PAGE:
Trump withdrawing from Vienna protocol over Palestinian case against US Jerusalem move: Bolton

REUTERS
WASHINGTON
Published 03.10.2018 20:59
Updated 03.10.2018 21:23
National Security Adviser John Bolton speaks during a briefing at the White House in Washington, Wednesday, Oct. 3, 2018. (AP Photo)
National Security Adviser John Bolton speaks during a briefing at the White House in Washington, Wednesday, Oct. 3, 2018. (AP Photo)

U.S. National Security Adviser John Bolton on Wednesday said President Donald Trump had decided to withdraw from the optional protocol on dispute resolution to the Vienna Convention in connection with a case challenging the recent embassy move from Tel Aviv to Jerusalem.

"This is in connection with a case brought by the so-called State of Palestine naming the United States as a defendant, challenging our move of our embassy from Tel Aviv to Jerusalem," he said at a White House briefing.

"I'd like to stress the United States remains a party to the underlying Vienna Convention on Diplomatic Relations and we expect all other parties to abide by their international obligations under the convention."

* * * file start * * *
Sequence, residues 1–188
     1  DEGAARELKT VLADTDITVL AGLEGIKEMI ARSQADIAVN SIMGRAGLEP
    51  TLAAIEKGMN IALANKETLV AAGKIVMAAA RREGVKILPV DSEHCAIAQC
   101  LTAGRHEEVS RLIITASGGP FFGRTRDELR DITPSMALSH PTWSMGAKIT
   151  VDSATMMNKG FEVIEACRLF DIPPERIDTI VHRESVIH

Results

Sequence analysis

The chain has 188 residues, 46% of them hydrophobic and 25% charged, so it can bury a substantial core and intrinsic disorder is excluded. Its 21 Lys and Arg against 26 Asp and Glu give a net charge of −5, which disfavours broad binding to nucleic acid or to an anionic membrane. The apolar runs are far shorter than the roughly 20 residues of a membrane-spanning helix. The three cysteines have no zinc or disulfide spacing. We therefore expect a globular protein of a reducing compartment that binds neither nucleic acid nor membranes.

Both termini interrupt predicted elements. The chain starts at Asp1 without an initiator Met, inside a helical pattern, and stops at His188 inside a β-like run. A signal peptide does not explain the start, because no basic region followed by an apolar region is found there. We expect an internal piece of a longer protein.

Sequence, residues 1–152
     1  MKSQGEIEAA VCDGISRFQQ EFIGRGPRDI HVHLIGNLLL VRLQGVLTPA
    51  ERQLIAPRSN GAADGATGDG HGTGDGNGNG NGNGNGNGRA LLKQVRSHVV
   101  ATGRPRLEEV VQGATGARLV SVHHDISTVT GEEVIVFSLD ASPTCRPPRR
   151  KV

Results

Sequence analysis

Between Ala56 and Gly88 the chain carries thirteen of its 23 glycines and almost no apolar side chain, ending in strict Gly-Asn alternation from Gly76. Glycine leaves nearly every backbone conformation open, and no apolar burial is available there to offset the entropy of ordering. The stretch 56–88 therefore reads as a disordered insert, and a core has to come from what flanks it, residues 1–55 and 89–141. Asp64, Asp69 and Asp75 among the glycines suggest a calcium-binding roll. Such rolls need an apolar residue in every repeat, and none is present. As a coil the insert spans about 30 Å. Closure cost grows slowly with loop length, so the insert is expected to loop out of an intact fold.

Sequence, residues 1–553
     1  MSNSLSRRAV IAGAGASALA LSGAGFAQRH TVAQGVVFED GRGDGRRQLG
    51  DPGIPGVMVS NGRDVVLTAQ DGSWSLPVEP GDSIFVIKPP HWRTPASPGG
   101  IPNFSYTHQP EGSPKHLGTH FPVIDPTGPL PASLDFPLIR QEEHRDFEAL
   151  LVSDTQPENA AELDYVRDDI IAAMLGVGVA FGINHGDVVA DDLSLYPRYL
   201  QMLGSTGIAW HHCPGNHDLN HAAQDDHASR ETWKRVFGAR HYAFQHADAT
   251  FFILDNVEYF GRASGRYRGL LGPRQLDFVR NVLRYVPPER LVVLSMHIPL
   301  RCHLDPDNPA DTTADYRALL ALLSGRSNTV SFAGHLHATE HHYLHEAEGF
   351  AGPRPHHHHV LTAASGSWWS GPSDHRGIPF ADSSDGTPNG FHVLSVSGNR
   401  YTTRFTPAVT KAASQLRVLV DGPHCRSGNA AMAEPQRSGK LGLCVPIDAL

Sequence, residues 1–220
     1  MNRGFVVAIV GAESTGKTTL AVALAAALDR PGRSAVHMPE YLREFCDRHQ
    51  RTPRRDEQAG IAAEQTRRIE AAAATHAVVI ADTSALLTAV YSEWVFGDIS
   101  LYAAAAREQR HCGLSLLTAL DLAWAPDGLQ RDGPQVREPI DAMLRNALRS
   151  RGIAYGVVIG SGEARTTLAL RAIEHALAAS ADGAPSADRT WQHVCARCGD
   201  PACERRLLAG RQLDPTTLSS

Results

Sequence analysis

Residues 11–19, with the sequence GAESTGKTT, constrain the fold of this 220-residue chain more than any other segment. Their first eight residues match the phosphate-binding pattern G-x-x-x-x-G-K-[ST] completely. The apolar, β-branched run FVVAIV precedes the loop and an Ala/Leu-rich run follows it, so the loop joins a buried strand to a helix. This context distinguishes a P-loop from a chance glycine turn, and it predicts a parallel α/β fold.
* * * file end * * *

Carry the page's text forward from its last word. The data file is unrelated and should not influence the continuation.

Bolton also said the administration was reviewing all international agreements that could expose it to binding decisions by the International Court of Justice saying it was politicized and ineffective.

His announcements came hours after U.S. Secretary of State Mike Pompeo said the United States was terminating a treaty of amity with Tehran.

The court, which is based in The Hague, ordered the United States to ensure that sanctions against Iran, due to be tightened next month, do not affect humanitarian aid or civil aviation safety.

Judges at the International Court of Justice, also known as the World Court, handed a victory to Tehran, which had argued that sanctions imposed since May by the administration of U.S. President Donald Trump violate the terms of a 1955 Treaty of Amity between the two countries.

Citing what he called "Iran's abuse of the ICJ," Bolton said: "We will commence a review of all international agreements that may still expose the United States to purported binding jurisdiction, dispute resolution in the International Court of Justice. The United States will not sit idly by as baseless politicized claims are brought against us."

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